The way children use technology is very different from adults. This gap makes it difficult for parents and educators to fully understand the risks and threats that children could face online. As a result, adults may feel unable to advise children on the safe and responsible use of digital technologies. Likewise, this gap gives rise to different perspectives of what is considered acceptable behaviour.
Even as online courses proliferate on campus, those programs face a challenge: How do you give students access to high-octane software and big data sets they need for their classes when they can't simply walk into a computer lab on campus and log in?
This year, magazines are set to struggle. As readers increasingly move online, print publications far and wide should expect to lose readers. But if you can’t beat them, join them—and by the looks of decades-old magazines sharing their content on Instagram, that’s exactly what several historic publications intend to do. Virginia Quarterly Review, a 91-year-old literary magazine,...
"I’m about to say something totally unbelievable and completely ridiculous: I love Star Wars. There. It’s good to get that bombshell off my chest. I’m a huge fan of the series and eagerly await the upcoming film by J.J. Abrams and the new Disney ownership.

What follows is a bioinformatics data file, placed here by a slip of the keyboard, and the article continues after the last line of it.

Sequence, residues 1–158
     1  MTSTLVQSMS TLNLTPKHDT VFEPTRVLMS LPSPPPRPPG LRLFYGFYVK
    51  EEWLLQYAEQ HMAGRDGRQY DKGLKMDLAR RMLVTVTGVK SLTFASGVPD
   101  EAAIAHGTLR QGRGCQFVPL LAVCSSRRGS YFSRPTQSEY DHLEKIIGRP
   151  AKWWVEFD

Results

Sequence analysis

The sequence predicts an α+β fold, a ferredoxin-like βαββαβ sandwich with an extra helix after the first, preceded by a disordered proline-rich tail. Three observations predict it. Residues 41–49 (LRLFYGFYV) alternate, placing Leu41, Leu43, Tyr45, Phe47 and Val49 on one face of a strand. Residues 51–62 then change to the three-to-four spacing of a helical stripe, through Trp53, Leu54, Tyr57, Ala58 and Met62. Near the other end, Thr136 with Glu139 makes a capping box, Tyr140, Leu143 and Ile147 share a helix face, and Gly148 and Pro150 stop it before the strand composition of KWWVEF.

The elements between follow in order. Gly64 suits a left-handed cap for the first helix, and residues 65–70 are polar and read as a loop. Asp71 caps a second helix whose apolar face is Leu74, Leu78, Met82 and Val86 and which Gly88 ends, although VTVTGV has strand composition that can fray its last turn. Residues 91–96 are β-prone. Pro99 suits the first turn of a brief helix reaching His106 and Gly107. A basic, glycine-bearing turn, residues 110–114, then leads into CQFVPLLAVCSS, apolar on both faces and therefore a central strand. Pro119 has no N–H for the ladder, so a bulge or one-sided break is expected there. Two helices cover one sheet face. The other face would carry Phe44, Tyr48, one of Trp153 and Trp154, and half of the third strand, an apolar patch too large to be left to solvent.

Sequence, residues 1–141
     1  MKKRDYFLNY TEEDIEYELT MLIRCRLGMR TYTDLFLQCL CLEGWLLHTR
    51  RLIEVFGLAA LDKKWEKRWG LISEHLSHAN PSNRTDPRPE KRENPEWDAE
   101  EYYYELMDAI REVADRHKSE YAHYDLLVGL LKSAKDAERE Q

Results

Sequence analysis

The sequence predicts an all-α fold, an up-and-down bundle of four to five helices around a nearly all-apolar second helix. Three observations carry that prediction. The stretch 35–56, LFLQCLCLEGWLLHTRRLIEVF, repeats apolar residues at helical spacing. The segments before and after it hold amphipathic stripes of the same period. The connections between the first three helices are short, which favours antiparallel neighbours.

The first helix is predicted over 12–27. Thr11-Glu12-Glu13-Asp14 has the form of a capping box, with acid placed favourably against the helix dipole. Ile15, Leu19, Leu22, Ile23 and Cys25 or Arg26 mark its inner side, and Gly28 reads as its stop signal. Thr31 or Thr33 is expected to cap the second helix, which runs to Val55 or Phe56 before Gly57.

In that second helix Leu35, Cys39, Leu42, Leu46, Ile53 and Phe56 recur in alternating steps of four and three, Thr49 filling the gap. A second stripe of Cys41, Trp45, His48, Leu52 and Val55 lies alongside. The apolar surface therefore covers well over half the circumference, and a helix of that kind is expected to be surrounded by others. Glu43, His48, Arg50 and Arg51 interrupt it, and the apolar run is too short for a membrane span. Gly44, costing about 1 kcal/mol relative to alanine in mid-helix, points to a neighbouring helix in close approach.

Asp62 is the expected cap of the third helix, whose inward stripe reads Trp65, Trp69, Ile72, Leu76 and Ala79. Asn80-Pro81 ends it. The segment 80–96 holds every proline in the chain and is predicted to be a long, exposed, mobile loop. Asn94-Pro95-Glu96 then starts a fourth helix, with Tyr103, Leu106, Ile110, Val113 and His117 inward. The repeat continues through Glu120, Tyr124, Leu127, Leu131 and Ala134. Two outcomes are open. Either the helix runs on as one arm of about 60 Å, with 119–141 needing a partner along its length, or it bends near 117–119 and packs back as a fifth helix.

After going through all of the trailers, both foreign and domestic, it occurs to me that there is one thing in particular that is a true standout. Is it the 3-pronged lightsaber? No. Is it the lack of Jar-Jar Binks? Potentially, but not really.
It’s the BB-8 droid that is taking the world by storm. Better still, it’s actually something you can now purchase (if you’re lucky to find one) in real life. How cool is that?"
A makerspace is a collaborative work space inside a school, library or separate public/private facility for making, learning, exploring and sharing that uses high tech to no tech tools. These spaces are open to kids, adults, and entrepreneurs and have a variety of maker equipment including 3D printers, laser cutters, cnc machines, soldering irons and even sewing machines. A makerspace however doesn’t need to include all of these machines or even any of them to be considered a makerspace. If you have cardboard, legos and art supplies you’re in business. It’s more of the maker mindset of creating something out of nothing and exploring your own interests that’s at the core of a makerspace. These spaces are also helping to prepare those who need the critical 21st century skills in the fields of science, technology, engineering and math (STEM). They provide hands on learning, help with critical thinking skills and even boost self-confidence. Some of the skills that are learned in a makerspace pertain to electronics, 3d printing, 3D modeling, coding, robotics and even woodworking, Makerspaces are also fostering entrepreneurship and are being utilized as incubators and accelerators for business startups. There have already been some amazing success stories that have come out of makerspaces to date.